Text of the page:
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Intuitive ontology authoring using controlled natural language

Denaux, Ronald (2013) Intuitive ontology authoring using controlled natural language. PhD thesis, University of Leeds.

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Abstract

Ontologies have been proposed and studied in the last couple of decades as a way to capture and share people's knowledge about the world in a way that is processable by computer systems. Ontologies have the potential to serve as a bridge between the human conceptual understanding of the world and the data produced, processed and stored in computer systems. However, ontologies so far have failed to gather widespread adoption, failing to realise the original vision of the semantic web as a next generation of the world wide web: where everyone would be able to contribute and interlink their data and knowledge as easily as they can contribute and interlink their websites. One of the main reasons for this lack of widespread adoption of ontologies is the steep learning curve for authoring them: most people find it too dfficult to learn the syntax and formal semantics of ontology languages. Most research has tried to alleviate this problem by finding ways to help people to collaborate with knowledge engineers when building ontologies; this approach however, requires the wide availability of knowledge engineers, who in practice are scarce. In the context of the semantic web, recent research has started looking at ways to directly capture knowledge from domain experts as ontologies. One such approach advocates the use of Controlled Natural Languages (CNL) as a promising way to alleviate the syntactical impediment to writing ontological constructs. However, not much is yet known about the capabilities and limitations of CNL-based ontology authoring by domain experts. It is also unknown what type of automatic tool support can and should be provided to novice ontology authors, although such intelligent tool support is becoming possible due to advances in reasoning with existing ontologies and other related areas such as natural language processing. This PhD investigates how CNL-based ontology authoring systems can make ontology authoring more accessible to domain experts by providing intelligent tool support. In particular, this thesis iteratively investigates the impact of providing various types of intelligent tool support for authoring ontologies using the Web Ontology Language (OWL) and a controlled natural language called Rabbit. After each iteration of added tool support, we evaluate how it impacts the ontology authoring process and what are the main limitations of the resulting ontology authoring system. Based on the found limitations, we decide which further tool support would be most beneficial to novice ontology authors. This methodology resulted in iteratively providing support for (i) understanding the syntactic capabilities and limitations of the chosen controlled natural language; (ii) following appropriate ontology engineering methodologies; (iii) fostering awareness about the logical consequences of adding new knowledge to an ontology and (iv) interacting with the ontology authoring system via dialogues. The main contributions of this PhD are (i) showing that domain experts benefit from guidance about the ontology authoring process and understandable syntax error messages for finding the correct CNL syntax; (ii) the definition of a framework to integrate the syntactical and semantic analyses of ontology authors' inputs; (iii) showing that intuitive feedback about the integration of ontology authors' inputs into an existing ontology benefits ontology authors as they become aware of potential ontology defects; (iv) the definition of a framework to analyse and describe ontology authoring in terms of dialogue moves and their discourse structure.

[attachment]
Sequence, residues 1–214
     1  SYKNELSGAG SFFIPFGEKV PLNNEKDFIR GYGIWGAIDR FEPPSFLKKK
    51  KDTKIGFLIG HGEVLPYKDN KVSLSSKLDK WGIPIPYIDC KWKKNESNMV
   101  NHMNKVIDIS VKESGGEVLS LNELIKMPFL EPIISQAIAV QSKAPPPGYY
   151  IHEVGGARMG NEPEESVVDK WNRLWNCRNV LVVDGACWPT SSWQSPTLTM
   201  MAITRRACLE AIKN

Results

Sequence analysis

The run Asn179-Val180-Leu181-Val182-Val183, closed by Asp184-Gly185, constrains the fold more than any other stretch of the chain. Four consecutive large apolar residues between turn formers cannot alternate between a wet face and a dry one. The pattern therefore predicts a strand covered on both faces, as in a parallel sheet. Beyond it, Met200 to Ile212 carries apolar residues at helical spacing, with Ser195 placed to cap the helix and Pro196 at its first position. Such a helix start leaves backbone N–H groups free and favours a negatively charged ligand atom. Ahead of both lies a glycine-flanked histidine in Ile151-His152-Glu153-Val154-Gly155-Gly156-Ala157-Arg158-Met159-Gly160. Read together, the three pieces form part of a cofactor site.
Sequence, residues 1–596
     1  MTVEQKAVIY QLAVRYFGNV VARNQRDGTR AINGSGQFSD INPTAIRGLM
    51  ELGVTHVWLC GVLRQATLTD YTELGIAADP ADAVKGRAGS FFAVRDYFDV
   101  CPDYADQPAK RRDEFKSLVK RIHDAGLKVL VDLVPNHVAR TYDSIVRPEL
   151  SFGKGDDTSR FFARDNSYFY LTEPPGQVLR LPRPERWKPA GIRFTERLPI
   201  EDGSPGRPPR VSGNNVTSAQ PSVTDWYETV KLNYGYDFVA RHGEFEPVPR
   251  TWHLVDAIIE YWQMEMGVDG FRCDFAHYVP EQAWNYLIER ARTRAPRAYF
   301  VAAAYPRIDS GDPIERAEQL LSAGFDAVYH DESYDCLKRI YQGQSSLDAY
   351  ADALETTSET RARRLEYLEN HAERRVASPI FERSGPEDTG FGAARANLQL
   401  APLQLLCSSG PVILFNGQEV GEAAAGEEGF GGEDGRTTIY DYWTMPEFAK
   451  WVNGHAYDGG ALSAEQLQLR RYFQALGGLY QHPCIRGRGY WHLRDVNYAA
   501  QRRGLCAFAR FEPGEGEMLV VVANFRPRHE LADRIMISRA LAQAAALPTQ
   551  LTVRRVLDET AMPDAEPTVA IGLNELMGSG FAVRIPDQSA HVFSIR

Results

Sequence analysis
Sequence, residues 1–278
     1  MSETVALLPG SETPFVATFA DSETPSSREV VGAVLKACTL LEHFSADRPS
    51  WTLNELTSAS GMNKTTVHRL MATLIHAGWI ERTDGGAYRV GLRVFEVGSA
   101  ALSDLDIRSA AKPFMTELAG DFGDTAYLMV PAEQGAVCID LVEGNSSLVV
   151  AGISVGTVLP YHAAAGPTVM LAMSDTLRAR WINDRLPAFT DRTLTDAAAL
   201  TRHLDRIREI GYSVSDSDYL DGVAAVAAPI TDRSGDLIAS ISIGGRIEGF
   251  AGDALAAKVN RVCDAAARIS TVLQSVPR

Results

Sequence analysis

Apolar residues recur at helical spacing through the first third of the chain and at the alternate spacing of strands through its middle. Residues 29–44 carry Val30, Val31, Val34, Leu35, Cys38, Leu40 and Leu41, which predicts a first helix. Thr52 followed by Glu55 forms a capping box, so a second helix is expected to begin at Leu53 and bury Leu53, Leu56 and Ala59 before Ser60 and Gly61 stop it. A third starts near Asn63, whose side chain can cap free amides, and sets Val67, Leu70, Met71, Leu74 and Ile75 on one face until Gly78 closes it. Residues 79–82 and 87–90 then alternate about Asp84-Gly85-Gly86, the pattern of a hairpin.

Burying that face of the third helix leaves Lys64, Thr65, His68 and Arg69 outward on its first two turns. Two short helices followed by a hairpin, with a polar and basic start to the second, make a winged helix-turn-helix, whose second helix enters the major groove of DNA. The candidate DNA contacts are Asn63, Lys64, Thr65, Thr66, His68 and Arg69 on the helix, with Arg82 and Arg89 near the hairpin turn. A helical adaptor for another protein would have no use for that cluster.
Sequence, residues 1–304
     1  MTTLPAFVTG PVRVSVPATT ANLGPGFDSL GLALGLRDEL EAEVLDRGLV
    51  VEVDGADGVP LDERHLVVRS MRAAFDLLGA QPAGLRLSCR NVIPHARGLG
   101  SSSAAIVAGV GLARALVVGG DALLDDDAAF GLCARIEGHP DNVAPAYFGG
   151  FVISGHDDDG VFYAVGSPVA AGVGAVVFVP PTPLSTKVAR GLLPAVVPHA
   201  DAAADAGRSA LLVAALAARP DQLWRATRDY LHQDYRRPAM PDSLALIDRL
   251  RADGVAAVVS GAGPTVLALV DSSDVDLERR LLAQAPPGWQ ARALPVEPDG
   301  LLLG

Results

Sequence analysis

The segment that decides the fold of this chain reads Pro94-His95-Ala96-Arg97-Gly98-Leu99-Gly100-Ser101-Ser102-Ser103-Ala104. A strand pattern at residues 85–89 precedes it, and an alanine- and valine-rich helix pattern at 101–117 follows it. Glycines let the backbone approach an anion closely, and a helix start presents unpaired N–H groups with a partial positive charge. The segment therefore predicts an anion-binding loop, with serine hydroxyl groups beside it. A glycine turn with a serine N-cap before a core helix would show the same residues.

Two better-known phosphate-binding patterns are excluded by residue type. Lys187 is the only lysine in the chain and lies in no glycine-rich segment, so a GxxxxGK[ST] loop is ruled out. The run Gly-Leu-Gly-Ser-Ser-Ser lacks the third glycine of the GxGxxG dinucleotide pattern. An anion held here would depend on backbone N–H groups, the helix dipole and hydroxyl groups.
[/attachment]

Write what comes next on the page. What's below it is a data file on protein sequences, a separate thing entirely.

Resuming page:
Item Type: Thesis (PhD)
ISBN: 978-0-85731-330-0
Academic Units: The University of Leeds > Faculty of Engineering (Leeds) > School of Computing (Leeds)
Identification Number/EthosID: uk.bl.ethos.581648
Depositing User: Repository Administrator
Date Deposited: 06 Sep 2013 12:52
Last Modified: 07 Mar 2014 11:28
URI: http://etheses.whiterose.ac.uk/id/eprint/4446

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